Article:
If these are some of our reactions to this ancient tale, there is a tragic dimension of self-deception in them. If we are intellectually and spiritually honest, we recognize that the deeply unsettling story of the Aqedah stays with us precisely because it is not as far removed from our experience as we would like to think that it is. In fact, our world is and has always been even more frightening than anything in this story. Yes, we are horrified — as well we should be! — by God’s dreadful command; we are appalled at Abraham’s compliance with it, without so much as a murmur of complaint or dissent. But God turns the tables at the fateful moment, and Isaac is spared. In our world, the sacrificial blade swings down, and the sacrifice is offered. We live in a world in which fathers sacrifice their sons all the time — a world in which adults for thousands of years have offered up their children’s lives in uncounted, mind-boggling numbers. That is the essence of war: something deemed holy, something of overriding, transcendent, uncontestable importance demands something of us, something that must be placated with a sacrifice.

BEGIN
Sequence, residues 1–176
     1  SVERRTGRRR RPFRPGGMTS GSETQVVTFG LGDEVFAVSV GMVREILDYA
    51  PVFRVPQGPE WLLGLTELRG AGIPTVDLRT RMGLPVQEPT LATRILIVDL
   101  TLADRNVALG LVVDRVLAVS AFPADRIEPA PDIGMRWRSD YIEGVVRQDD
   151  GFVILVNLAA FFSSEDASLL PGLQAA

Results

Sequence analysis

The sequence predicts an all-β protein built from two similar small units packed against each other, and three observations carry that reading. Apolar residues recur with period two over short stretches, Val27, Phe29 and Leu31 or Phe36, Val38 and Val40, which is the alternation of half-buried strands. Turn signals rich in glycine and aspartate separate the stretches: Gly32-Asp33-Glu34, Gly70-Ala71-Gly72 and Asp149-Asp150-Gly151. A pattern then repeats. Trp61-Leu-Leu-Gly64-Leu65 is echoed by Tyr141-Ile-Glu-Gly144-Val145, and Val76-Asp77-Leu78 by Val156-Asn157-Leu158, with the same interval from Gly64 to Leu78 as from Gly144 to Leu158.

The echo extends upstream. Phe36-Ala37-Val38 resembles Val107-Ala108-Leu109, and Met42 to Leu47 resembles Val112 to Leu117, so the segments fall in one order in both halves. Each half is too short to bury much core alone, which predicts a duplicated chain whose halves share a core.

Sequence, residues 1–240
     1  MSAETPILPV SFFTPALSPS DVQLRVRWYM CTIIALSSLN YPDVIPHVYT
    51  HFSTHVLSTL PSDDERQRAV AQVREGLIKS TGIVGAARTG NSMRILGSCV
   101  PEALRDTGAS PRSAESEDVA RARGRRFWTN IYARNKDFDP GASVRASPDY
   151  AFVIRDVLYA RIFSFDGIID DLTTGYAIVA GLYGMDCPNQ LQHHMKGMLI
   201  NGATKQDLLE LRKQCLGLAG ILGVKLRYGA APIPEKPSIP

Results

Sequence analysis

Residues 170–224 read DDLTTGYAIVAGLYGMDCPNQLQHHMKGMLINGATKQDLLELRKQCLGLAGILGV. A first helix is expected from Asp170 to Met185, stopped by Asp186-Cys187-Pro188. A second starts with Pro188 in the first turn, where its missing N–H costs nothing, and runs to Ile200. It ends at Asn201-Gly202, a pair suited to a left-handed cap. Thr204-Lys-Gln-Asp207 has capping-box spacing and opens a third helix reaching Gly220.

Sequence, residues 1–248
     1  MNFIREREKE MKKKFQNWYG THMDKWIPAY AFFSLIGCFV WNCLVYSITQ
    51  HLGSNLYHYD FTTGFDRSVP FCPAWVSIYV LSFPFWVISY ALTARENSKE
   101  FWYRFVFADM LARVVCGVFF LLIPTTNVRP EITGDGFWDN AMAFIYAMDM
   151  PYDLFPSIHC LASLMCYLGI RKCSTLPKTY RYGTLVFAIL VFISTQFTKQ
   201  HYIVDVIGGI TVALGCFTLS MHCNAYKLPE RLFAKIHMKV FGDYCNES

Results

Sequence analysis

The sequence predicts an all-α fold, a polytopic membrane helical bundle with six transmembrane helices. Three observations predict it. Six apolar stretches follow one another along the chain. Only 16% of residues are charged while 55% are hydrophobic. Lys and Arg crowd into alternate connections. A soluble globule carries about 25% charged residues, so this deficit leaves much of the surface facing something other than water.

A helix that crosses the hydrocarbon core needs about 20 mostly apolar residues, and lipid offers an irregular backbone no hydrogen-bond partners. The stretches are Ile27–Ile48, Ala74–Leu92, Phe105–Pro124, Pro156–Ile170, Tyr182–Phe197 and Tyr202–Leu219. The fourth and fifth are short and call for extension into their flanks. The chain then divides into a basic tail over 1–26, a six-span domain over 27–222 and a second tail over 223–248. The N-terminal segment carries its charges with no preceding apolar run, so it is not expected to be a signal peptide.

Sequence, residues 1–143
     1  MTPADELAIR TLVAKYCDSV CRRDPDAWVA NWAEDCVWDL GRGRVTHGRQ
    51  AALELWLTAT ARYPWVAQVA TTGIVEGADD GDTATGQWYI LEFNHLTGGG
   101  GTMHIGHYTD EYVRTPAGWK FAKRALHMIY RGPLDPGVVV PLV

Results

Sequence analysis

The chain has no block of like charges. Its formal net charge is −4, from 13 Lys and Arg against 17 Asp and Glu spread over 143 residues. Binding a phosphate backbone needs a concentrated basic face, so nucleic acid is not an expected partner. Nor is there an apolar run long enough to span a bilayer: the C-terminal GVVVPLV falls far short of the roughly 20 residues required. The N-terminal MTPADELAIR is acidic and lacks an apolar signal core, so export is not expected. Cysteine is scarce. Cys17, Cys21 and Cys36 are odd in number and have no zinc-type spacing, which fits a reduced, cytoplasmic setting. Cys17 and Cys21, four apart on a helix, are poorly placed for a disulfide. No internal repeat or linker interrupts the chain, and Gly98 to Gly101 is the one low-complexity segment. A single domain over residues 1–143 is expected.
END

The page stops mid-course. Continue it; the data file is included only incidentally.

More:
It seems odd to me to interpret the Aqedah as a renunciation of human sacrifice when almost no human culture that has ever existed has actually renounced it. Our own society is as good an example as any. The monuments to war dead that we can find in nearly any American city or town certainly speak to our culture of sacrifice. War is not the only vehicle through which sacrifices are made, of course: our for-profit prison system is an instrument of human sacrifice; Sandy Hook made it clear that as a society, we are perfectly willing to sacrifice little children in their classrooms — even while providing the “thoughts and prayers” attendant upon the most ritualistic rites; we as a society are perfectly willing to sacrifice the children of Puerto Rico as the island prepares in the next few weeks for the 2018 hurricane season without having recovered from last year’s. Any one of us as individuals might object — in some cases quite strenuously, I have no doubt — to these sacrifices, but we can’t deny that as a society, those sacrifices are made: we sacrifice our fellow human beings on altars of greed or indifference or even outright malice. If we do object, we had better be prepared to sacrifice our time and our energy and our resources to put an end to such sacrifices. Perhaps we are doing that, but a true and utter renunciation of those sacrificial rites might be the work of years, or even of generations.